I am curious about the complex nature of the amplitudes used in Schrodinger's equation, and what (if anything) it means physically.(adsbygoogle = window.adsbygoogle || []).push({});

I ran across this topic being discussed sometime in the past on this forum, and several posters alluded to some deep significance to this fact, but didn't provide anything specific.

I'm not seeing it so far. It appears to me that the complex valued amplitudes are just a mathematical shortcut and don't appear to have any physical meaning beyond that. It appears to basically reduce the usual second order wave equation with two fields to a 1st order wave equation with one field. You still have all the same degrees of freedom, they're just pasted together in the same variable, taking advantage of linearity. (A diffeq version of the EE trick for handling sin-wave signals).

The dot product of the complex field is the same as the sum of the dot products of the two independent real fields of the second order equation. Nothing new there.

I suppose the real significance would be if you were dealing with a nonlinear equation. In my reading so far, it is claimed that the laws of QM are linear in all cases measured so far. If we were to ever encounter a situation with nonlinear behavior, I would anticipate the nonlinearity to look different operating on a complex variable, versus two real ones. (Either that, or you would just come up with different looking operators for each case to reproduce the same behavior in the model.)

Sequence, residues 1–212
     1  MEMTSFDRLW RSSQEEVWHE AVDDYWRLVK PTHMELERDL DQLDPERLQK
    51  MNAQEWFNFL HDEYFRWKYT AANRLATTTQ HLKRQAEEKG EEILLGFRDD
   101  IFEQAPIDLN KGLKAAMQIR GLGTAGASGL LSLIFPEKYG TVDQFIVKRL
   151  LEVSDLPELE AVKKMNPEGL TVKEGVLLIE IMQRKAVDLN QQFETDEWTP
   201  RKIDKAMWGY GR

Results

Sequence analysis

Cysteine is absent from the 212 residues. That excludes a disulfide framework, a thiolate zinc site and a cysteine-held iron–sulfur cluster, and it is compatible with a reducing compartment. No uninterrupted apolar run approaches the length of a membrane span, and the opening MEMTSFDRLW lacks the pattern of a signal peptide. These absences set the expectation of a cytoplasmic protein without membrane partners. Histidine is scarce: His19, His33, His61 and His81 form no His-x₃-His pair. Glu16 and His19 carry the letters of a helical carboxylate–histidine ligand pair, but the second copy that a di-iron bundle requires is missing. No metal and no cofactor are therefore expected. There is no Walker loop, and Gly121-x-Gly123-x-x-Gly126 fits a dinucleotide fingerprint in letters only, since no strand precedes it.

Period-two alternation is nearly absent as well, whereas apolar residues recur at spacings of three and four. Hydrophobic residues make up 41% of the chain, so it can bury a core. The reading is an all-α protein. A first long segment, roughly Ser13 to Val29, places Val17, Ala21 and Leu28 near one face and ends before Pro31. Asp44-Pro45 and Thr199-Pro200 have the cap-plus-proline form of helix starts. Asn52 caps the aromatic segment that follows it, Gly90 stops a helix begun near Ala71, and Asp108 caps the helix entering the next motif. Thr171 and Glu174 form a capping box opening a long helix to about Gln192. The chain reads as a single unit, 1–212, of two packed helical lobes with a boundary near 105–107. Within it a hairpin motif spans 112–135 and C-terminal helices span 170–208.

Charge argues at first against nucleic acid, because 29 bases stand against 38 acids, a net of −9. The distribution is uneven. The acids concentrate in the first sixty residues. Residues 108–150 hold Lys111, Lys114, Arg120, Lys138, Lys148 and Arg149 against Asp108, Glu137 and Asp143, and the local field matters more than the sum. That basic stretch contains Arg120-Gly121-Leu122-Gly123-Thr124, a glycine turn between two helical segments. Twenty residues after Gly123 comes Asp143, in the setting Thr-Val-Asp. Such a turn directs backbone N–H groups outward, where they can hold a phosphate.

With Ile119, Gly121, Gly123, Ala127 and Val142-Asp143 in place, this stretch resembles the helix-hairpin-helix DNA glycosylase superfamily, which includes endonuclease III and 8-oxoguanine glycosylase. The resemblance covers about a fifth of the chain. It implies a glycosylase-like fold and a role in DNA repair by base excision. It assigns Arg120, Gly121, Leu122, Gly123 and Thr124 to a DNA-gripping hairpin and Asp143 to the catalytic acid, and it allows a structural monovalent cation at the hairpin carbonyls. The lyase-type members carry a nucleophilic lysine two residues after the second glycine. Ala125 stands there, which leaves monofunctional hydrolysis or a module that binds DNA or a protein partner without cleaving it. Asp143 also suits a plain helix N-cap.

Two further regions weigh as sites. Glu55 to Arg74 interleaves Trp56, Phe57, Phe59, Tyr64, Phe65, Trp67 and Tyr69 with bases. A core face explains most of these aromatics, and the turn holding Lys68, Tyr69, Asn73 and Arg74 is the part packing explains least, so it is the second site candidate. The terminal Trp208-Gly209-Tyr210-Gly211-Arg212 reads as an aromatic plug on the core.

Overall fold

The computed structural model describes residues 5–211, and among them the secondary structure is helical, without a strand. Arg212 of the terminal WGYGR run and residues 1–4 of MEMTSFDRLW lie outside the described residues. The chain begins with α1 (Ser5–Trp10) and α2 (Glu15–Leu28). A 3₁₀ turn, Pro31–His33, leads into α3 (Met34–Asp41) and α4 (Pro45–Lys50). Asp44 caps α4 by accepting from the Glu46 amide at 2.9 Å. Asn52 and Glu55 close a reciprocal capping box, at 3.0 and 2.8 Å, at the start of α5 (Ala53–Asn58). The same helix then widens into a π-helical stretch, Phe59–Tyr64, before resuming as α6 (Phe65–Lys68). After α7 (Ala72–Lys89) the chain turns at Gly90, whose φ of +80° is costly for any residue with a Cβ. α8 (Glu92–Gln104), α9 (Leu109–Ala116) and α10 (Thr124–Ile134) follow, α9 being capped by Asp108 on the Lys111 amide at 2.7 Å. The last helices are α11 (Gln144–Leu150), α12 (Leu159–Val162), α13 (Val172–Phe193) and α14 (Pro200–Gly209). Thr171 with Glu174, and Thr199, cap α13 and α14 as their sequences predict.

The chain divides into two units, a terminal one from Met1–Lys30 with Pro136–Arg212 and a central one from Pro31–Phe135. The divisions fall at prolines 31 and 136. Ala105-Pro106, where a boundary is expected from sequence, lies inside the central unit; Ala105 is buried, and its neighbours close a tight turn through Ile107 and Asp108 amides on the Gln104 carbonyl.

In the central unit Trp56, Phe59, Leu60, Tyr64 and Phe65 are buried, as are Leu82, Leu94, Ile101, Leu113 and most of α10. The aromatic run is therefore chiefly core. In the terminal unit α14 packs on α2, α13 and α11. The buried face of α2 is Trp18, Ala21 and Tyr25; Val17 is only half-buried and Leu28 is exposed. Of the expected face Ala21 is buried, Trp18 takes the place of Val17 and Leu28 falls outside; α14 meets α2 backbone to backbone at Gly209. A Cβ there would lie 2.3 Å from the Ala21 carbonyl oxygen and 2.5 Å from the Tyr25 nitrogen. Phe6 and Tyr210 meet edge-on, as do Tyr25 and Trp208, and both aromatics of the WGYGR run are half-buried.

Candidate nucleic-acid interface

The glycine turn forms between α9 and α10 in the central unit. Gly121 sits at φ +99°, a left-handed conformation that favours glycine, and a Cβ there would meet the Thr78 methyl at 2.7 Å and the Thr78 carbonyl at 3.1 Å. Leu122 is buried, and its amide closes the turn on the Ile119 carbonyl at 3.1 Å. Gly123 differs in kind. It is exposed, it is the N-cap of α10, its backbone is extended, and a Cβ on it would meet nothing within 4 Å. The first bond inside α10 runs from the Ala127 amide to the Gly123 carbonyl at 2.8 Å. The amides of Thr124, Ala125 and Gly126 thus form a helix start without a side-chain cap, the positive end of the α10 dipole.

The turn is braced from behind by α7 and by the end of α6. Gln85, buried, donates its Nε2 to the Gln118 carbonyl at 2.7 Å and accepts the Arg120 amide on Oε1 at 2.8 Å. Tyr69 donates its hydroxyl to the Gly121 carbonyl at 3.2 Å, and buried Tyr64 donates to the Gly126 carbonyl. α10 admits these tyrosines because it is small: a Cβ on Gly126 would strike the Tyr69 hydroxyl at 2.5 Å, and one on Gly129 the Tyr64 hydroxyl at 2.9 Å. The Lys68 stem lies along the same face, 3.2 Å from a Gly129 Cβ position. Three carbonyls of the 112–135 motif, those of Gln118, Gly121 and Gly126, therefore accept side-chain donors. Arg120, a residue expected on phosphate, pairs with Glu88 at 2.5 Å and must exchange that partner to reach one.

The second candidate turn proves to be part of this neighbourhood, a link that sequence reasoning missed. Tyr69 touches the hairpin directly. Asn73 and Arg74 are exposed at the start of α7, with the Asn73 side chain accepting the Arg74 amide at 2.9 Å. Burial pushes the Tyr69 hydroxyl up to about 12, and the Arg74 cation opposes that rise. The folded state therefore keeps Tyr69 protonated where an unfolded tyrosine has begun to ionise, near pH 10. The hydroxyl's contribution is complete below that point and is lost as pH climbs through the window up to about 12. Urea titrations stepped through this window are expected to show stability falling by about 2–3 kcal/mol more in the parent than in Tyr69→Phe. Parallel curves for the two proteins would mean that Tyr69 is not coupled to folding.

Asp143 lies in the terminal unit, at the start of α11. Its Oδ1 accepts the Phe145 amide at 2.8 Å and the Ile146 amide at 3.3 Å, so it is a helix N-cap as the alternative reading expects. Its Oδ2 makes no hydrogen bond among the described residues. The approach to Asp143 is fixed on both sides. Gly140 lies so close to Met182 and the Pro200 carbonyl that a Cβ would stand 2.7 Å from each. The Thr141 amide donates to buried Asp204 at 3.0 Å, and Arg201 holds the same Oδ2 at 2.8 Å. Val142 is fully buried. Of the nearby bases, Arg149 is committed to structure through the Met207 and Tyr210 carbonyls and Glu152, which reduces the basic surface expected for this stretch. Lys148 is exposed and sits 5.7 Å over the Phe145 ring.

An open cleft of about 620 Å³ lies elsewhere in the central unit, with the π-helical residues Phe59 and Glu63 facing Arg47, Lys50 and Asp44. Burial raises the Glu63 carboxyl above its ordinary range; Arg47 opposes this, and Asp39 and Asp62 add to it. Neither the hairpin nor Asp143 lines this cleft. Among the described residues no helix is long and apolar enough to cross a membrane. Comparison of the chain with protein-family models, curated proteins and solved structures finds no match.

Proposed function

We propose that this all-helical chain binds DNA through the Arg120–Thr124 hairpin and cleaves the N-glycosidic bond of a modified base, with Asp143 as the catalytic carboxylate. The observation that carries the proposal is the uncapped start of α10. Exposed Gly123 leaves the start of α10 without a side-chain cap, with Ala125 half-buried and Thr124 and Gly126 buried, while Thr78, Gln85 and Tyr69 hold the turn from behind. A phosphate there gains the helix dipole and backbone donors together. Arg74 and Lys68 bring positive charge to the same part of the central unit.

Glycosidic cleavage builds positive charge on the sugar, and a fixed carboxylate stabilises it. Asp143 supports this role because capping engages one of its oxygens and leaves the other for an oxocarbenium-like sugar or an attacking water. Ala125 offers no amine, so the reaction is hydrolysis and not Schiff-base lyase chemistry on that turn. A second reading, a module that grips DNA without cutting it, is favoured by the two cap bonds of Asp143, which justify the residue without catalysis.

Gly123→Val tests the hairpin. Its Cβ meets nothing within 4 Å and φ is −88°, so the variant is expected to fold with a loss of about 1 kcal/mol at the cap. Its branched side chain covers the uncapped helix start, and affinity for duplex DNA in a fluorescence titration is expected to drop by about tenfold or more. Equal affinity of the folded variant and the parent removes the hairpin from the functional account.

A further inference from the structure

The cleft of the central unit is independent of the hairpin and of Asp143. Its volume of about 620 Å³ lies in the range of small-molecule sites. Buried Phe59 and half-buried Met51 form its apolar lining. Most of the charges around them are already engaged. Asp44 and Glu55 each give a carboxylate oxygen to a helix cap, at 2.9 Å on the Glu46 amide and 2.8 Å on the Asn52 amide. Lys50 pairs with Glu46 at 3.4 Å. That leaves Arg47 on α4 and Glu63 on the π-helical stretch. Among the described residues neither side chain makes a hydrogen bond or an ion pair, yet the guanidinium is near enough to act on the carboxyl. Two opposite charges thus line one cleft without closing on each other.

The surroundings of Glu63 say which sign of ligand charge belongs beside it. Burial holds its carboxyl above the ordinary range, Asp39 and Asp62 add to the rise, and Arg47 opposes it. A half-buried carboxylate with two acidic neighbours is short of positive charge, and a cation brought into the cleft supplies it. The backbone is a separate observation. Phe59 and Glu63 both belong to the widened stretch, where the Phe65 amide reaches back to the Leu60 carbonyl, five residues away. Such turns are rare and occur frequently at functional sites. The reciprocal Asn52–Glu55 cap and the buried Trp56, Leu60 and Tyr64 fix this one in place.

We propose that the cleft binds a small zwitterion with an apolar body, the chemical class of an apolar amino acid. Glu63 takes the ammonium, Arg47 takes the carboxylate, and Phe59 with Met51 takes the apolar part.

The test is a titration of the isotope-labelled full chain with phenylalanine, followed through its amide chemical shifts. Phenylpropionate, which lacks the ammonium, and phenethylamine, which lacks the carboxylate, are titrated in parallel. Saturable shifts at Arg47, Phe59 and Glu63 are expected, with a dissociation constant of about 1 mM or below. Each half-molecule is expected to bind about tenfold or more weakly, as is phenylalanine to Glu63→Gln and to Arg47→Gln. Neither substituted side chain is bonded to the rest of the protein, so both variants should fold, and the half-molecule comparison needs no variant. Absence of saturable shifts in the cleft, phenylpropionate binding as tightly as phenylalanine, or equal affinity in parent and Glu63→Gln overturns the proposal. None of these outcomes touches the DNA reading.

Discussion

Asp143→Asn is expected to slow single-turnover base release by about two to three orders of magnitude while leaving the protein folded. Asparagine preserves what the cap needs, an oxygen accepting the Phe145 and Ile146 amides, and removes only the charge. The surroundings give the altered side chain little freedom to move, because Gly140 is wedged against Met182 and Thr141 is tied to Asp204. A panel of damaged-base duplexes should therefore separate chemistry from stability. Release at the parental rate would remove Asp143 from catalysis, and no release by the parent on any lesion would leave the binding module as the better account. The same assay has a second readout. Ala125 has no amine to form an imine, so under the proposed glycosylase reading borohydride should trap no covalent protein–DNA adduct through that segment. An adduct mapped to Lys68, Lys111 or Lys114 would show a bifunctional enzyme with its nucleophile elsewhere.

So what's the significance? Where does mathematical convenience end and a concrete statement about the operations of physical law begin? (Or is it all mathematical convenience, using higher DOF mathematical objects at all in the first place?)

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# Complex Amplitude

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